NORTHWOOD | The Assistant Worth County Attorney claims the attorney for a North Iowa woman accused of running a puppy mill used inflammatory language and misstated evidence in his arguments to allow the woman to keep 13 of the 154 animals seized by the county, documents said.
Winnebago County Attorney Kelsey Beenken, who is also an assistant Worth County, claims that attorney Michael Byrne misstated evidence and cited information not presented in the court hearing Dec. 3 and 4 in a “throw everything up to see what sticks” approach.
Barbara Kavars, 65, Manly, is asking the Worth County Magistrate Court to allow her to keep nine Samoyeds and four cats seized by the Worth County Sheriff's Office and American Society for the Prevention of Cruelty to Animals last month.
A total of 154 dogs were seized during an animal neglect-related search warrant Nov. 12. Kavars signed a document surrendering all but the 13 animals she wants to keep.
Her attorney Michael Byrne filed a brief Dec. 12, claiming that the 13 animals should be returned to her regardless of whether they are found to be “threatened” or not.
Beenken filed a response Friday, saying Byrne used inflammatory language in an attempt to call the service of the search warrant and seizure of the animas “a pseudo-military operation.”
Byrne believes that Kavars was demonized in court.
“The military like invasion of the property by over 40 quasi-law enforcement officials and designees was unwarranted,” Byrne said, claiming Kavars would have been cooperative with transferring the animals in another way.
Beenken argues that the 13 animals should be declared “threatened animals” and should not be returned to Kavars.
Kavars, who claims she did not neglect the animals, has not been charged with a crime. ASPCA says charges are pending.
Byrne talks about the four cats in his conclusion, stating that the cats are all 14 to 15 years old though one of the cats requested is 18 years old.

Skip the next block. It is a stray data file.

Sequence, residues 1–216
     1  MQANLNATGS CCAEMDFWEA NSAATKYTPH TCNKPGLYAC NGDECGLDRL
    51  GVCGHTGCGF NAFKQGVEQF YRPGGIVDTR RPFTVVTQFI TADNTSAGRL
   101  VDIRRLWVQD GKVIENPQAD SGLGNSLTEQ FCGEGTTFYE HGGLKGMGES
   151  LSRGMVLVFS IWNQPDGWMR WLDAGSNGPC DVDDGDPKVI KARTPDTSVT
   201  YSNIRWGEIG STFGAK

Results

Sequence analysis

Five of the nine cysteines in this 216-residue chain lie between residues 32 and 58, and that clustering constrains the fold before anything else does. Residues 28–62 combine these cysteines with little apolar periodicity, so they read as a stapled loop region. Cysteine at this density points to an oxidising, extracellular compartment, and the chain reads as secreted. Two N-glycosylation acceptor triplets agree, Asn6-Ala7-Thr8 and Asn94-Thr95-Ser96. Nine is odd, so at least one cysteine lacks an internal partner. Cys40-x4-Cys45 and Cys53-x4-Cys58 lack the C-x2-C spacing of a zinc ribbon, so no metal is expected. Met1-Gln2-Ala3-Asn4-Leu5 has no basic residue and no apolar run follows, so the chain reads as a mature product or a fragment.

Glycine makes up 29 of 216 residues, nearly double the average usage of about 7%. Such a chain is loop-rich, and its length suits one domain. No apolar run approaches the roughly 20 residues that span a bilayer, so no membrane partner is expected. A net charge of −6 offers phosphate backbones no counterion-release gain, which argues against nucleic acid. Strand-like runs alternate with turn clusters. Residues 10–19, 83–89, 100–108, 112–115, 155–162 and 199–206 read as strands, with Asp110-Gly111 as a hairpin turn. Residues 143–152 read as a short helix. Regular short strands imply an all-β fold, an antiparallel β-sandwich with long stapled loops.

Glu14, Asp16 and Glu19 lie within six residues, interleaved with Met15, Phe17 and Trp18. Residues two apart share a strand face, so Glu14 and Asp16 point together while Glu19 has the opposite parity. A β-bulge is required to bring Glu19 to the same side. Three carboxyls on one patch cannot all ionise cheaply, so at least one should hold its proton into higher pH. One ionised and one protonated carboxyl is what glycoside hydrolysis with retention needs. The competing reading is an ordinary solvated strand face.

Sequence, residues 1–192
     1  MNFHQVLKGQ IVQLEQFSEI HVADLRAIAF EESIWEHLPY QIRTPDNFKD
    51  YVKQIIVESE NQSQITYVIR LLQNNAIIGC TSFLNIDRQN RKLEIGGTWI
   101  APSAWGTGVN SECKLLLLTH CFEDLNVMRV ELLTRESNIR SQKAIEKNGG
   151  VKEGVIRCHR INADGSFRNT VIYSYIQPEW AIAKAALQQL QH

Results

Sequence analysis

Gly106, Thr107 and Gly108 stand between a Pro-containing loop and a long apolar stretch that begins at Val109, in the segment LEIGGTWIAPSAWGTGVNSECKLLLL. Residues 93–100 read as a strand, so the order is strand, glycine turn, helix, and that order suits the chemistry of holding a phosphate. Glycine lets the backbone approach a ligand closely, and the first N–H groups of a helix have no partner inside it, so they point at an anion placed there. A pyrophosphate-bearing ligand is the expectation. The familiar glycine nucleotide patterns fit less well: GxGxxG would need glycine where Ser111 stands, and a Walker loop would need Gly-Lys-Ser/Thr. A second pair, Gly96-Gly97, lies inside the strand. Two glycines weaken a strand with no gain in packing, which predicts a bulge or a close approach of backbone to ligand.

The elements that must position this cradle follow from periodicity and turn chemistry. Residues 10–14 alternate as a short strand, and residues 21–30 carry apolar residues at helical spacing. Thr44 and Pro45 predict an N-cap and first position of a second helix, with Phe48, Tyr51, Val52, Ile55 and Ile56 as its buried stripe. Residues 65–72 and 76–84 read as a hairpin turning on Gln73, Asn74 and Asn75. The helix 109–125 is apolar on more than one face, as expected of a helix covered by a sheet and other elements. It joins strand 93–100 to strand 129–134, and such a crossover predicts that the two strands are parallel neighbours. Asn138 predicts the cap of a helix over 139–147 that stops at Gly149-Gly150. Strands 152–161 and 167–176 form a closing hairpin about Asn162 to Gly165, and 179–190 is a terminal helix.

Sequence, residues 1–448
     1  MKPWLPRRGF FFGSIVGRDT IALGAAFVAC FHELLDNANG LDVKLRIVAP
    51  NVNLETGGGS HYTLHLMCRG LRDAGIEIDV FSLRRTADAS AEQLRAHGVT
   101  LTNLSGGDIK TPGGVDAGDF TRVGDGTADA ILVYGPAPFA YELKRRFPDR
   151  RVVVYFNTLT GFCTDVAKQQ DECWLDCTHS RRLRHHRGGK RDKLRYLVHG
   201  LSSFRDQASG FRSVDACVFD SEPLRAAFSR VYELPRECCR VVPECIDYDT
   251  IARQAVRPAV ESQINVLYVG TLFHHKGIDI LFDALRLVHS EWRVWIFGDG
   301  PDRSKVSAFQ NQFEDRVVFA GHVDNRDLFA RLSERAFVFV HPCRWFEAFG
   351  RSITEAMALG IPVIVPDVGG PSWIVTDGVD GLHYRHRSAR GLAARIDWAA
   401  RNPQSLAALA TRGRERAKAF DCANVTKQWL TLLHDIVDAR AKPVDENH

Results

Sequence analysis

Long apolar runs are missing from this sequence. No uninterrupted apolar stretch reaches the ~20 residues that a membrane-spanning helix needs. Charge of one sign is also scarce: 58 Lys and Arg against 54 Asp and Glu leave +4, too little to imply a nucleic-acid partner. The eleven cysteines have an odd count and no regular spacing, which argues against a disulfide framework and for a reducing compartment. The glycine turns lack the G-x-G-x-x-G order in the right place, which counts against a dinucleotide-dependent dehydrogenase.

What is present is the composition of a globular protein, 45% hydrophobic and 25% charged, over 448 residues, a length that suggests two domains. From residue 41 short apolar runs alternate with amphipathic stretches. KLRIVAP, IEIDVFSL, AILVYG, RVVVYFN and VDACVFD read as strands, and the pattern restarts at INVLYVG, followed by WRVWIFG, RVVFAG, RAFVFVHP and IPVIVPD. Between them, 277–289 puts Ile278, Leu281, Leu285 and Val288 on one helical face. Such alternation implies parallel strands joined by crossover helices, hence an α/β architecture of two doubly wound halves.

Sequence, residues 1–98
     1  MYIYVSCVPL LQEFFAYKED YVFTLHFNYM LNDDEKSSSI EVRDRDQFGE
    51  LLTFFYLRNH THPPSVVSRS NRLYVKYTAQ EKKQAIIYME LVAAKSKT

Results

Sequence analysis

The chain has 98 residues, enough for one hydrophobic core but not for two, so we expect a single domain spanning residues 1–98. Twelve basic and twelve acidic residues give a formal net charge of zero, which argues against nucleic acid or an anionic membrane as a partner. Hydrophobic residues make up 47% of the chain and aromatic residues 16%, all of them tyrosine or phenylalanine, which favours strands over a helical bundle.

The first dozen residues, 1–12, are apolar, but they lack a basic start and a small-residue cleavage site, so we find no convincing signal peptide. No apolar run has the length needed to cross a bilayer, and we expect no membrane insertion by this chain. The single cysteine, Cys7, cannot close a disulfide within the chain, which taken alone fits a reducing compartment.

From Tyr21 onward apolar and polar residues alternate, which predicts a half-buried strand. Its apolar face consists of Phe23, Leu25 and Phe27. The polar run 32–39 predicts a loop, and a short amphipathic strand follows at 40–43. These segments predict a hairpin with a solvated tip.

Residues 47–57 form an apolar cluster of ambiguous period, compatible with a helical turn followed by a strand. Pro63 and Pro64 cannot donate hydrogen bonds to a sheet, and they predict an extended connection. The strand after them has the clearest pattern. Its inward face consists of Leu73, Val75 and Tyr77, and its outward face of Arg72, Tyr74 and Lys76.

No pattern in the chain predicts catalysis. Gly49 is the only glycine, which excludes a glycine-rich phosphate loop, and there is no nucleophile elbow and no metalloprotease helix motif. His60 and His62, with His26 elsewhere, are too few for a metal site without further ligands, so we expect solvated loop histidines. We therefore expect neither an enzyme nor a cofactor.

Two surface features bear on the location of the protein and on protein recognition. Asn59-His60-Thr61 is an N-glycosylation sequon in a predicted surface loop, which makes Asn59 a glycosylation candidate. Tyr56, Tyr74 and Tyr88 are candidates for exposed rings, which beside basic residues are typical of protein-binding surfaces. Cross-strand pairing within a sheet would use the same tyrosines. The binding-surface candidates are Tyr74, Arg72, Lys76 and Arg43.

“No one else is going to want those cats and love them,” he said.
Byrne said the cats have been raised by Kavars and have all been house cats at her home for their entire lives.
“If Barb does not have those four cats returned to her, they will likely be euthanized due to their age and care requirements,” he said.
Beenken said there was “not one shred of evidence admitted that supports this statement.”
ASPCA staff are caring for the cats and dogs Kavars is requesting at an undisclosed location in Iowa.
“There were no life-threatening conditions in the house, and it was not unfit for human habitation or the Sheriff’s office would have had an obligation to removed Mrs. Kavars from the home at that point as well,” Byrne said in his brief.
Beenken countered that no testimony or evidence supported that claim.
Worth County Deputy Andy Grunhovd said in his testimony that if there had been a dependent adult or child living in the home, they would have been removed.
Grunhovd visited her property near Manly when the Humane Society and the Animal Rescue League of Iowa raised concerns about the number of dogs on the property and possible neglect. He later drafted the search warrants that lead to the seizure of animals Nov. 12.
Kavars testified Dec. 4 that she has cleaned part of her home and three of her 32 kennels since her dogs were seized.
“She admitted she only cleaned in preparation for the hearing,” Beenken said. “There is no indication that suggests Respondent (Kavars) is willing or capable of maintaining a clean, sanitary shelter for these animals.”
Beenken noted that Kavars did not have a clear plan to prohibit future breeding of the animals if returned when she testified in court.
“Although she alleged she was not going to continue breeding, she would not commit to much of anything on cross examination on that matter,” Beenken said.
She said she began to struggle with the size and upkeep of White Fire Kennels, her breeding operation, after her husband was diagnosed with a brain tumor in 2014. He died in June 2017.
After his death, Kavars began releasing dogs to the Humane Society of North Iowa while still selling puppies.
“They did not suffer from neglect but were cared for under difficult conditions,” Byrne said.
Byrne noted that Kavars put the welfare of the outside animals first, her indoor animals second and her own care last.
“While this was perhaps an attempt to sound selfless, it may ultimately define the problem,” Beenken said. “The owner of these animals cannot properly care for them or any other until she first properly cares for herself.”
Beenken continued saying the animals endured “a life of neglect, and they were properly rescued by law enforcement.”
Magistrate Douglas Krull is expected to rule on Kavars' ownership claim of the 13 animals by the end of the month.